Em x

Em’s tip- It’s okay not to understand who you are as an artist, explore and try new things and don’t feel you need to stick to one thing to be popular, versatility is a good trait to have and being able to adapt is even better.

Also, take your vitamins.

Tales of Guatemalan Worry Dolls


As we enter a new year, we hope to leave our worries behind us. With that in mind, I remembered a small oval wooden box gifted to me as a child. Inside were six tiny wooden dolls from Guatemala, known as Worry Dolls. I remember them being fascinatingly miniature, placing one in the palm of my hand and telling it my worries before sleeping.


Worry dolls are known to have been created by the Mayan’s over 2,000 years ago. There are two trains of thought assigned to their beginnings: the first is that they are modelled on one of the creator gods; the other (and more common idea) is that the dolls are based on a Mayan legendary princess called Ixmucane. In this myth, the sun god gifted Ixmucane the power to solve any human problem.

worry dolls


According to tradition, Guatemalan children tell the dolls their worries before placing them under a pillow. With six dolls included in the oval box, each night should be a different doll, with one days rest. By the morning, the children will be gifted with knowledge of how to overcome their worries, allowing them to sleep soundly. In the morning, it is advised to rub the dolls tummy, so that the pain of carrying bad thoughts is relieved. The ritual of acknowledging anxieties before sleep is seen as beneficial, particularly for children. Worry dolls have now been recognised by paediatric and child therapists as a way of relaying concerns to a trustworthy listener.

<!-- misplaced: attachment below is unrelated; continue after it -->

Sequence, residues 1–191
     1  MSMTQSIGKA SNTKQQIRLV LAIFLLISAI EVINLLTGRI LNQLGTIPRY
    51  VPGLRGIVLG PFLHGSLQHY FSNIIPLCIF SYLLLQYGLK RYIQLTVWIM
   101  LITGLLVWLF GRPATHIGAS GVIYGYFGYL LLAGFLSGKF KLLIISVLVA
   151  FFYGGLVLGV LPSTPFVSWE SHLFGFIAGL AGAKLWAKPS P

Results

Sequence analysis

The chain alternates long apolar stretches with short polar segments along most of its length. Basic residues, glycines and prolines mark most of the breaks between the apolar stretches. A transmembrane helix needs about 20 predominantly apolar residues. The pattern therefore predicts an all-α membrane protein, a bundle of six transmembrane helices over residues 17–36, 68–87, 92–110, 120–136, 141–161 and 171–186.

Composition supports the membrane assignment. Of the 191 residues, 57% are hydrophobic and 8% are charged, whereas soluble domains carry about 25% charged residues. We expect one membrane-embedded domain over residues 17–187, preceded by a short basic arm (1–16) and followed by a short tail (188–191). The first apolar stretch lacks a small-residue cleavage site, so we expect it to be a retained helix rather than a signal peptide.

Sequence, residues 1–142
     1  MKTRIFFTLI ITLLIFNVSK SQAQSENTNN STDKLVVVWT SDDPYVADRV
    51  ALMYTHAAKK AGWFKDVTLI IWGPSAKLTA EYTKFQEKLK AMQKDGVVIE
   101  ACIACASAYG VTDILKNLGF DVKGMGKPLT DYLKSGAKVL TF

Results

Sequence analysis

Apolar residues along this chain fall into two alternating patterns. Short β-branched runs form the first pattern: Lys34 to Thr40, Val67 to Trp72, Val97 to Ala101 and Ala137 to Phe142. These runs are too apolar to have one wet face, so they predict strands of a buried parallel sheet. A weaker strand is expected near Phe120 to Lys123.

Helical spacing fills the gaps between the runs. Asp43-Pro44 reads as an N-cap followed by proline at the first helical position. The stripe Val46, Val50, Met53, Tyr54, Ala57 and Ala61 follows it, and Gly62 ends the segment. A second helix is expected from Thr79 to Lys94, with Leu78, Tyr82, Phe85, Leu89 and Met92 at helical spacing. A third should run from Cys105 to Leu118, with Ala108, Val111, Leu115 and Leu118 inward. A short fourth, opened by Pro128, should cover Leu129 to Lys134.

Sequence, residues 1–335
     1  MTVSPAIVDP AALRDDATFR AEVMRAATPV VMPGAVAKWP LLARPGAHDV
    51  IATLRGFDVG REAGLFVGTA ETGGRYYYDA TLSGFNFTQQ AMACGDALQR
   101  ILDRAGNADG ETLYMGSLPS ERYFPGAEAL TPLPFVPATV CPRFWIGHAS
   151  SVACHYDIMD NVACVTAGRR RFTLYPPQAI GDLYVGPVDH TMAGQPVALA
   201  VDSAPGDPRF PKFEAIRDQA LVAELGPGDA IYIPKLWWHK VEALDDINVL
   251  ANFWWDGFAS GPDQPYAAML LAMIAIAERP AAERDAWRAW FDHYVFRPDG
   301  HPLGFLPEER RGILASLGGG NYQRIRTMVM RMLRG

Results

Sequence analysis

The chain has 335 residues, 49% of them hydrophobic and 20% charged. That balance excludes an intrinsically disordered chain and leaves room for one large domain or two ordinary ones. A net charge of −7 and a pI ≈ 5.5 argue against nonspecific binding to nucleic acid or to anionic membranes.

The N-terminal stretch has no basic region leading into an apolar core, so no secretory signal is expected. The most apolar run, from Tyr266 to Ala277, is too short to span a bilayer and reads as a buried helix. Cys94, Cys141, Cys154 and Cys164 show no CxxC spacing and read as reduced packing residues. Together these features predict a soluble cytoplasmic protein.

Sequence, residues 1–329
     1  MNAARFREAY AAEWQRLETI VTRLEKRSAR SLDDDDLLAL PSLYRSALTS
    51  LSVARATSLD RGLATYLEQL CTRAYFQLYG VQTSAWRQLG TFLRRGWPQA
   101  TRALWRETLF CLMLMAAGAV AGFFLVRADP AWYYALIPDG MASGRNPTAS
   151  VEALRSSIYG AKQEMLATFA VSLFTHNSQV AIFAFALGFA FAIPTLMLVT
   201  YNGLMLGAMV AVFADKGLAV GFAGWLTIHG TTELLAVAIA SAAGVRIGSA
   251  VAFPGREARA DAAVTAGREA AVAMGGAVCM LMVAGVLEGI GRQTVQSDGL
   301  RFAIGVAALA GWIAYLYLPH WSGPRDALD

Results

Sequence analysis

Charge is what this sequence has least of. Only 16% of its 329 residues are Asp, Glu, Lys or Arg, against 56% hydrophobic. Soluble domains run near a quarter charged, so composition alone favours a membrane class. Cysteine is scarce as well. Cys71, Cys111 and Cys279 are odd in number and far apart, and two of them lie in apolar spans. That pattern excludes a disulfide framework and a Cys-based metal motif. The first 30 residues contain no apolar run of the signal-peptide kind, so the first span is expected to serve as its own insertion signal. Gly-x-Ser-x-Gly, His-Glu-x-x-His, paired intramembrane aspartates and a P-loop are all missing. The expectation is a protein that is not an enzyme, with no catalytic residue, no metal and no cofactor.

Guatemalan Indigenous Clothing


The Worry dolls themselves are between 1-3cm tall and made out of wood, wire and fabric from Mayan garments. The face of the doll can be cotton, cardboard and paper, or clay and the outer clothing from wool or “aguayo” – a traditional Guatemalan cloth. This is all held in place with colourful yarn that is wrapped around each part. Moreover, the fabric used is offcuts from handmade clothes, as a way to reduce waste.

Indigenous Clothing


In Guatemala traditional clothing is bright and colourful, depicting local flowers, animals, geometric shapes and figures. The textiles are woven by hand and the yarns are dyed naturally with flowers, vegetables, herbs and bark for their vibrant colours. There are over 800 different styles of indigenous Guatemalan clothing, known as the traje tipico. The traje is still commonly worn by women, and there are various communities where men also wear traditional embroidered clothing. The most common parts of the women’s traje are the huipil (blouse), the faja (belt/sash), and the corte (skirt). Depending on the region, head accessories include the cinta (a type of headband), the tocoyal (a ribbon that is wound around the head ), and the tzute, which is worn on the head, or as a cloth to carry infants on their back. Wearing the traje is a way for indigenous women to keep culture and heritage alive.

Worry Dolls

The women who make these Worry Dolls live mostly in the rural areas of Guatemala. This provides them with an important supplement to the income they get from agriculture. Now these dolls are famous in Guatemalan culture and are sold as souvenirs to travellers passing through.


I find Worry Dolls magical, both in their significance and aesthetic. They are tiny replicas of Guatemalan people in indigenous cloth, and a reminder of their vibrant culture. In this way they bring a small part of Guatemalan magic into our home and dreams.

Worry Dolls and box

Happy New Year!

2020 was certainly not the best year so far, however, we are all done with it now! Even though nobody suspected it might take such an awful turn and the whole world will be hiding away from the pandemic if we think about it it might have not been as bad as it seems. Sit down, take a moment and think about positive aspects of 2020. Here are some of the positives from us!